Monica Karpinski is the founder of The Femedic, a new website tackling the taboos around women’s health.
Tell us a bit about yourself, background and your current role
I was born and raised in Melbourne, Australia and moved over to London in 2013. At school I did mostly sciences but did a BA in media communications, at uni I flirted a bit with journalism and did some arts writing but wasn’t confident either would lead to solid employment. At the time in Melbourne I felt a keen sense that the world of print media was becoming tighter and much more difficult to break into and excel at: a big news company I interned at had massive job cuts and my favourite paper was losing credibility. I was a bit disheartened and didn’t like the idea of crawling up a narrow ladder while being restricted in the type of content I could create — romantically I still adore print media but at the time as a fresh grad felt I’d have better chances in digital. After graduating I went travelling for six months and then decided to move to London. I figured it was the best and most exciting place to start a career in media, especially if digital was going to be my entry point.
My current role is Founder and Editor of The Femedic, which is an educational website that focuses on taboos surrounding women’s health. I’m also the Director and Head of Content at Curated, a digital marketing agency. The Femedic is the first website of Curated’s publishing arm.
Did you ever sit down and plan your career?
To an extent but I never had anything as formal as a five-year plan. When I started off doing freelance and volunteer bits during uni my plan was to figure out what I liked by process of elimination: I tried some radio, some TV, and news writing, arts writing, etc. Because I was still at uni I considered this low risk, and by the time I finished I knew I wanted to go into the direction of writing.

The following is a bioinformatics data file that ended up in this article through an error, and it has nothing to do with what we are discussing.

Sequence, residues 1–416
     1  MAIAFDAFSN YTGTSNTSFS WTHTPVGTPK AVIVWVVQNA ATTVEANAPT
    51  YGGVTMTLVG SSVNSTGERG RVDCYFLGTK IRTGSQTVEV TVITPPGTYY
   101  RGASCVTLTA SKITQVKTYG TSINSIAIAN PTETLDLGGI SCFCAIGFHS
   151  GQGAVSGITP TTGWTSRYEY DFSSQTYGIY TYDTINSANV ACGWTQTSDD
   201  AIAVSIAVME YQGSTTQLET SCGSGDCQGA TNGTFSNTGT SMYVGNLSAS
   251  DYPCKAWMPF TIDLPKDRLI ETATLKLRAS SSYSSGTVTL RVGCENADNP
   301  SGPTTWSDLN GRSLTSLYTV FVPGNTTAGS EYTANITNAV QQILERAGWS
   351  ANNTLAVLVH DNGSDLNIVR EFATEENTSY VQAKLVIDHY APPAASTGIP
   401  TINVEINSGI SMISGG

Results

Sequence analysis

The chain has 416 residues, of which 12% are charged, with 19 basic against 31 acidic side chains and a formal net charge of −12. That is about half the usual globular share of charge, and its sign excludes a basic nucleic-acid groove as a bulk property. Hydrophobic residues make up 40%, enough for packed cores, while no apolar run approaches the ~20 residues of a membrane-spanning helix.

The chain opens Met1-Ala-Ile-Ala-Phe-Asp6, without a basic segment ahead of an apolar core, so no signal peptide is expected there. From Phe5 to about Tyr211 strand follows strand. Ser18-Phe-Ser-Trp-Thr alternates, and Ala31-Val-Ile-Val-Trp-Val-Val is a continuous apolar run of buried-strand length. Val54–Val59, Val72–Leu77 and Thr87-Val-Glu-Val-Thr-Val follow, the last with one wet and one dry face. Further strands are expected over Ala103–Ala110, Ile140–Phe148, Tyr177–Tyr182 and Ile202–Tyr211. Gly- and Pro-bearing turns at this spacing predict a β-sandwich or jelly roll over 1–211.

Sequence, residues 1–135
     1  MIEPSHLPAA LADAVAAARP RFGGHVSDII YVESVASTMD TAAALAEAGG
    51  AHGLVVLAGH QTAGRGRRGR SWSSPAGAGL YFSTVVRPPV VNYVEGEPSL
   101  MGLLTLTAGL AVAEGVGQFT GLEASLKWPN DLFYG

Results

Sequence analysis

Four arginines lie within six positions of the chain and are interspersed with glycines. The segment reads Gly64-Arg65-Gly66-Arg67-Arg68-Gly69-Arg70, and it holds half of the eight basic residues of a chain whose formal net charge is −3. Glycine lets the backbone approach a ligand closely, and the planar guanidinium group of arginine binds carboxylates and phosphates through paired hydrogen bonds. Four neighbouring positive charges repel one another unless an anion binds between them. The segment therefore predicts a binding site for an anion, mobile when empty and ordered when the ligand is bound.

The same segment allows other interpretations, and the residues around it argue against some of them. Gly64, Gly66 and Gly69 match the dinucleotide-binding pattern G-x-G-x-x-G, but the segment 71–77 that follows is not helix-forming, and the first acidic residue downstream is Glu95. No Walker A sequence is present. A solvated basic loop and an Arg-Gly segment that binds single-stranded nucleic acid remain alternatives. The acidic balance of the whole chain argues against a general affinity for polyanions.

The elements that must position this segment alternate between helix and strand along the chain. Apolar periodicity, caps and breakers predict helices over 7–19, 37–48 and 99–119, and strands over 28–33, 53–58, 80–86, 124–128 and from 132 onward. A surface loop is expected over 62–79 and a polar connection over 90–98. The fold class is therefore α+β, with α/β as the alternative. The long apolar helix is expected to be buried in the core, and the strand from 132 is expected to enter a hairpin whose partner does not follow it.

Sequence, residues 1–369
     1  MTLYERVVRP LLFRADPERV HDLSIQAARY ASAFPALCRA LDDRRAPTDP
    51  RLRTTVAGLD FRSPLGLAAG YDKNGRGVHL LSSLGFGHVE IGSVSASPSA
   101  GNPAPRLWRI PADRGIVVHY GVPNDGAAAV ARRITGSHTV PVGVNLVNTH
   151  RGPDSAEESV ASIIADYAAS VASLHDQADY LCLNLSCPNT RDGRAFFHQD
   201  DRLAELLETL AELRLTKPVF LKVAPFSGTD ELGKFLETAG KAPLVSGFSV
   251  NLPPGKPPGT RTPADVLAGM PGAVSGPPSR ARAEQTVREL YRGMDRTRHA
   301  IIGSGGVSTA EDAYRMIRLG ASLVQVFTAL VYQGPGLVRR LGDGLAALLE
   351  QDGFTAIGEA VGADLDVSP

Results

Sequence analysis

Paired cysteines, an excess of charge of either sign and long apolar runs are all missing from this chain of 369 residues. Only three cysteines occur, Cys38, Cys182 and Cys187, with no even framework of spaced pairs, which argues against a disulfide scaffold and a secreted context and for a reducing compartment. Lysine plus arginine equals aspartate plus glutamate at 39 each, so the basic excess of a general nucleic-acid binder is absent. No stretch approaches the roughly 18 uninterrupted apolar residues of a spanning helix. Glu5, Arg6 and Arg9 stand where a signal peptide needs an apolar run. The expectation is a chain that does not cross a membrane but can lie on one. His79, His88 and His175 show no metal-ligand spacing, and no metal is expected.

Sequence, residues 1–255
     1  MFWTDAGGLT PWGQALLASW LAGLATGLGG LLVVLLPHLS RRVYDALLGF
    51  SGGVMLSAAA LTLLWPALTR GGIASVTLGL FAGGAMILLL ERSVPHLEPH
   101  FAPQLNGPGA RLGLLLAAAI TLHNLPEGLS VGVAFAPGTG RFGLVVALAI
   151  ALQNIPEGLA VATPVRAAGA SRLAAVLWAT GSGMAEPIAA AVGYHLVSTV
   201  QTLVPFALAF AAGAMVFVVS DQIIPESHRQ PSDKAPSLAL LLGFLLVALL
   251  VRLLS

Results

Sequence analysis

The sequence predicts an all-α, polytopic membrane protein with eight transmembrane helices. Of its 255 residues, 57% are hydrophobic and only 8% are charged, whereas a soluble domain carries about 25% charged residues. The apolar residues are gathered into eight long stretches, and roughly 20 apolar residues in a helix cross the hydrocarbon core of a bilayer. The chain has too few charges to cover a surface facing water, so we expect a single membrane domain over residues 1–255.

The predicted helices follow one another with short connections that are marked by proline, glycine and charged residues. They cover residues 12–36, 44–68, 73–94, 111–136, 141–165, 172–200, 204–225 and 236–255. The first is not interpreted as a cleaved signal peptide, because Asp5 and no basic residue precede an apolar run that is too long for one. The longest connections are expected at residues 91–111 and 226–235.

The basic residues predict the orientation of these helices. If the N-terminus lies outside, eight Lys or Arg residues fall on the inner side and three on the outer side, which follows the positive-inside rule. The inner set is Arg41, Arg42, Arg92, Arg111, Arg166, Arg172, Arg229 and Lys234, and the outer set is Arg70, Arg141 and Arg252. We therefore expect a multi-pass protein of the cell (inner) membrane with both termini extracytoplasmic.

Once I actually started working full-time as a writer I realised that there was this whole world of digital strategy I hadn’t even considered.
I realised that being able to write was one thing, but online, if you couldn’t get people to read what you’d written, to understand what they wanted to read, or to make yourself stand out, what was the point? So being exposed to that in practice definitely made me change direction — I think being agile like that is really important. From there I just made smaller goals to work towards, for example moving up from a writer to an editor or to acquire a particular new skill by a certain time.
Have you faced any challenges along the way? How did you deal with them?
Of course! The biggest challenge I have ever dealt with was starting up a stable career after moving to London on my own from Melbourne, Australia. I had recently graduated, sort-of knew a few people but didn’t really have any friends, and had no clue how this city works. The first six months were really tough and definitely shook up my confidence, but I knew I couldn’t go home without having fully experienced London, otherwise what was the point in coming?
There’s no romantic or clever way I dealt with it, I just literally kept on going. I kept working and kept looking for other opportunities and ways I could settle into London life. Things got better gradually, and as soon as I started to become happier the feeling of achievement was brilliant. I would say it took me around a year to start really loving being in London.